Introduction to Gateway Services: Load Balancing

The gateway services within *VMware vCloud Air include multiple customizable networking options. Here, we look at how to set up load balancing to distribute traffic among all the servers in a particular pool.

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1. Identify External IP Addresses


If you're not already logged in, to get started:

  1. Go to https://vchs.vmware.com/login and log in to vCloud Air.
  2. On the Dashboard tab, click the virtual data center where you want to add load balancing (in this example, we use the SHAREPOINT virtual data center).



  3. Click the Gateways tab, and then click Manage in vCloud Director to access the vCloud Director user interface.



    Before you set up load balancing, you need to know what external IP addresses are available.

  4. To identify available external IP addresses, click the Edge Gateways tab, select the corresponding network, and then click Properties.



  5. In the Edge Gateway Properties window, click the Sub-Allocate IP Pools tab and note the range of available IP addresses in the Sub-Allocated IP Pool box.
  • In this example, the range is .230 through .231.

6. Click OK to return to the vCloud Director Administration window.

2. Creating the Server Pool


To set up load balancing, you first need to create a new pool of servers, which will be used to sit behind the actual load balancer. There are three parts to creating a new pool of servers: configuring the settings for the server pool, configuring the health check, and then adding the servers.

Configure the Server Pool Settings

  1. On the Edge Gateways tab, select the appropriate network and click Edge Gateway Services.



  2. In the Configure Services window, click the Load Balancer tab, select Pool Servers, and then click Add.



  3. In the Add Load Balancer Member Pool - Name & Description window, enter a name and description (if desired), and then click Next.
  • In this example, we use the name Demo Pool.



4. In the Add Load Balancer Member Pool - Configure Service window, select the desired service and load balancing method, and then click Next.

  • Service: Choose HTTP, HTTPS, or TCP.
  • Balancing Method: Choose IP Hash, Round Robin, URI, or Least Connected.
  • In this example, we use HTTP and Round Robin.



    Note: The following table provides more information about load balancing methods:
Load Balancing Method Description
IP Hash Selects a server based on a hash of the source and destination IP address of each packet.
Round Robin Each server is used in turn according to the weight assigned to it. This is the smoothest and fairest algorithm when the server's processing time remains equally distributed.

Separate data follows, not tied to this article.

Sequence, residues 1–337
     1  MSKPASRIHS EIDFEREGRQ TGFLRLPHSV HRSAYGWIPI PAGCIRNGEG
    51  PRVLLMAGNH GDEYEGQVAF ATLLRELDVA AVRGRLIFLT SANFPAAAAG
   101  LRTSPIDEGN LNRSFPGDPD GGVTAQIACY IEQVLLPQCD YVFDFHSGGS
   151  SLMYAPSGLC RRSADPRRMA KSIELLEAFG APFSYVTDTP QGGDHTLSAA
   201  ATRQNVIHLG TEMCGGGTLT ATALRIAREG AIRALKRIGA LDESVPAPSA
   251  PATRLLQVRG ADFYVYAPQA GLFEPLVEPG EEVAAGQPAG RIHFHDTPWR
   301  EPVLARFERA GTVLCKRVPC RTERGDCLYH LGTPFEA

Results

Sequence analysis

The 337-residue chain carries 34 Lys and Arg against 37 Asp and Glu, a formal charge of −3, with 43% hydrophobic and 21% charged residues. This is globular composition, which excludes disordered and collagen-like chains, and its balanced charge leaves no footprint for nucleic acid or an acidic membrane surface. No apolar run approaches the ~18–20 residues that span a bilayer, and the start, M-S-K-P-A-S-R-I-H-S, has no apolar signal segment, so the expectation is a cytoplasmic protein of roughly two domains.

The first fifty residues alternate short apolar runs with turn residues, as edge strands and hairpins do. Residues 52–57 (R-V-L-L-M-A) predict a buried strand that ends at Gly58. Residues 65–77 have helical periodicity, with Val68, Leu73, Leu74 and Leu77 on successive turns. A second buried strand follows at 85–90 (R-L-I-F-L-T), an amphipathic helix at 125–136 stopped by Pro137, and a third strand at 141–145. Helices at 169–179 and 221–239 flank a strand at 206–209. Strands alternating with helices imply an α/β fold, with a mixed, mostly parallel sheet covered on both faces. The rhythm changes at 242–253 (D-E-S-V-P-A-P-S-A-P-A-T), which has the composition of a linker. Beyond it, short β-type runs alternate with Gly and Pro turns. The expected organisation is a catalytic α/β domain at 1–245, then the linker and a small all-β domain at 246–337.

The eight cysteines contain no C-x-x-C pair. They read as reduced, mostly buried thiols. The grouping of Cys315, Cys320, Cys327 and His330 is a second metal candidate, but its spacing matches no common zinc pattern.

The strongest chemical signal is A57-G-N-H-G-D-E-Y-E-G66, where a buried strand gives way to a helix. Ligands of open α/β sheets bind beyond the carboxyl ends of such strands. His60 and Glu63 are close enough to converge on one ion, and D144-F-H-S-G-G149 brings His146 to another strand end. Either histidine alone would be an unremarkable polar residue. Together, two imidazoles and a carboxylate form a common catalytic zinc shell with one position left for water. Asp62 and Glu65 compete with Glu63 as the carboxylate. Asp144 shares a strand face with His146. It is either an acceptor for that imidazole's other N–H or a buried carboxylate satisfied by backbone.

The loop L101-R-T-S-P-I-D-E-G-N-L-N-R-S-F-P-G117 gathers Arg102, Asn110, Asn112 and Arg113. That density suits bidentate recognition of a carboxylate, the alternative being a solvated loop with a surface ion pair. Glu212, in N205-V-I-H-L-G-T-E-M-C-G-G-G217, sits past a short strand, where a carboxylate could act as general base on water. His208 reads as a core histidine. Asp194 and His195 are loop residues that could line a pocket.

URI The left part of the URI (before the question mark) is hashed and divided by the total weight of the running servers. The result designates which server will receive the request. This ensures that a URI is always directed to the same server as long as no server goes up and down.
Least Connected Distributed client requests to multiple servers based on the number of connections already on the server.

Configure the Health Check

5. In the Add Load Balancer Member Pool - Configure Health Check window, select the health check mode and monitor port (if desired), and then click Next.

  • In this example, we use HTTP as the mode for the HTTP service.
  • We leave the Monitor Port field blank because we don't want to monitor the health check.



    Note: The follwing table provides more information about the health check modes available with each service:
Service Option Description
HTTP The GET/default method is used to detect server status. Only responses 2xx and 3xx are valid. Other responses (including a lack of response) indicate a server failure.
SSL Tests servers using SSLv3 client hello messages. The server is considered valid only when the response contains server hello messages.

Add the Servers

6. In the Add Load Balancer Member Pool - Manage Members window, click Add.



7. In the Add Member window, complete the following fields, and then click OK.

  • IP Address: Provide an IP address for the server you want to add to the pool.
  • Ratio Weight: Assign a server weight, which is used for some load balancing methods.
  • Services & Monitoring: To enable monitoring, assign service and monitor ports. Here, we use 80 and 8080, respectively.




8. Repeat Steps 6-7 to add as many servers as needed, and then click Next.

  • Note that in this example, the servers are even because we left the ratio weight the same.


9. In the Add Load Balancer Member Pool - Ready to Complete window, click Finish to create the pool.

3. Creating the Load Balancer Virtual Server


With the server pool created, you now need to create a virtual server on top of that pool to act as the load balancer and connection to the external network.

  1. In the Configure Services window, click the Load Balancer tab, select Virtual Servers, and then click Add.



  2. In the Add Virtual Server window, complete the following information, and then click OK.
  • Name: Provide a name for the virtual server. In this example, we use Demo Server.
  • Applied on: Choose the network where the virtual server will be applied. Here, we apply the server on the external network because we want to access it from the outside.
  • IP address: Use an available external IP address identified above.
  • Persistence Method: Select None or Cookie.



3. In the Configure Services window, confirm that the Demo Server has been created.

4. Configure the Firewall


The final step is to configure the firewall to allow traffic to come in and accommodate load balancing.

  1. In the Configure Services window, click the Firewall tab to create a firewall rule.
  • In this instance, you want to create a new firewall rule that allows external traffic through the gateway. For example, you might configure a rule that allows traffic from port 80 to come in.